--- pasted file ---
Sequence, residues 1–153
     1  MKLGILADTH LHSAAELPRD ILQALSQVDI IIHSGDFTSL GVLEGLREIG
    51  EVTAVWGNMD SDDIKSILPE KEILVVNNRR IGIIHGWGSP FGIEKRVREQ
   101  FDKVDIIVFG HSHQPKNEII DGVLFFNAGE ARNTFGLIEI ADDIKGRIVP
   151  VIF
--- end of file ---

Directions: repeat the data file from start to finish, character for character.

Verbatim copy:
Sequence, residues 1–153
     1  MKLGILADTH LHSAAELPRD ILQALSQVDI IIHSGDFTSL GVLEGLREIG
    51  EVTAVWGNMD SDDIKSILPE KEILVVNNRR IGIIHGWGSP FGIEKRVREQ
   101  FDKVDIIVFG HSHQPKNEII DGVLFFNAGE ARNTFGLIEI ADDIKGRIVP
   151  VIF